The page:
Home and away

Occasionally, if we’ve been really well behaved, Forvie staff get allowed to go off-site, on a sort of day-release basis. We can then usually be found unleashing some form of terrible destruction upon another NNR or Site of Special Scientific Interest. Sometimes we’re ‘borrowed’ by these other sites for our biological recording and surveying expertise, but most often it’s our practical skills that are in demand. Need a sprayer or chainsaw operator, or an ATV driver, or someone to fix a fence? Ask the Reserve crew.

Reserve staff – jacks of all trades

The last days of October saw our first visit of the season to Muir of Dinnet NNR, where the chainsaws (and ourselves, as operators) were put through their paces. There were a number of dead and dying trees overhanging or adjacent to the footpaths that were liable to cause a hazard; these had been identified by our colleagues at Dinnet during the summer months (it’s easier to spot a sickly tree in summer than in autumn or winter, when they all look bare and sorry!). But of course you oughtn’t really be cutting trees in summer unless it’s absolutely critical – think of the nesting birds, for example. So now is the time to get this work done – before the winter storms bring the trees down in a less controlled manner.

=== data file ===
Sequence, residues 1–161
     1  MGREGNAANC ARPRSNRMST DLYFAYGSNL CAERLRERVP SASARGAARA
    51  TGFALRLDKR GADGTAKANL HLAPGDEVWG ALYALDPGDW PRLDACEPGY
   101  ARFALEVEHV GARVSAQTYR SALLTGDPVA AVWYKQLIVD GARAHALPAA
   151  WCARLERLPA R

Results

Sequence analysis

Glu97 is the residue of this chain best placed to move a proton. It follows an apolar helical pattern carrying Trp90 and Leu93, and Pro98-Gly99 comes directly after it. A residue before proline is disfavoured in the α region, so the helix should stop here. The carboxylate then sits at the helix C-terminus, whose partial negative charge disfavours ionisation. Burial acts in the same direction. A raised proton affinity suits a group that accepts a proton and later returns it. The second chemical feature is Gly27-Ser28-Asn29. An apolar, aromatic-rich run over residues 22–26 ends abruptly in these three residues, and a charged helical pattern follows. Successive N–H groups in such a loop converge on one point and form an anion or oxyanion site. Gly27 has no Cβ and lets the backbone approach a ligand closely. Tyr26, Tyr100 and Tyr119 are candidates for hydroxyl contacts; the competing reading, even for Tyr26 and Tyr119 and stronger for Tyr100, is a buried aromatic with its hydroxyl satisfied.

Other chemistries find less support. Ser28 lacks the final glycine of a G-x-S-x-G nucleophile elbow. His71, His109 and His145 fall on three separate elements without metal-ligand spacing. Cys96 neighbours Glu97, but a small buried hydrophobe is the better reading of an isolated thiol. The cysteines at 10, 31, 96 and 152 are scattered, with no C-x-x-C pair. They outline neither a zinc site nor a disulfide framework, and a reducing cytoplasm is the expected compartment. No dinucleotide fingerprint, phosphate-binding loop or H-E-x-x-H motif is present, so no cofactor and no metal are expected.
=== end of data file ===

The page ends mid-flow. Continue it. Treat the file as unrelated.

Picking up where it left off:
Dead tree across the footpath